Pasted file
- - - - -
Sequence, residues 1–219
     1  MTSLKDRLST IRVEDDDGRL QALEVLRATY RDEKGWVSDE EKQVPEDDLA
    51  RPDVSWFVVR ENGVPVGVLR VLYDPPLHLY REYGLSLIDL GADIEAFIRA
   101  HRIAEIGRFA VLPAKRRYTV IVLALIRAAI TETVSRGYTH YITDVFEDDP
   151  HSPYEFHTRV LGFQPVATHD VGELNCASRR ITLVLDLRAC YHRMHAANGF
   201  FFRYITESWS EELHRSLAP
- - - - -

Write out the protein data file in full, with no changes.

Sequence, residues 1–219
     1  MTSLKDRLST IRVEDDDGRL QALEVLRATY RDEKGWVSDE EKQVPEDDLA
    51  RPDVSWFVVR ENGVPVGVLR VLYDPPLHLY REYGLSLIDL GADIEAFIRA
   101  HRIAEIGRFA VLPAKRRYTV IVLALIRAAI TETVSRGYTH YITDVFEDDP
   151  HSPYEFHTRV LGFQPVATHD VGELNCASRR ITLVLDLRAC YHRMHAANGF
   201  FFRYITESWS EELHRSLAP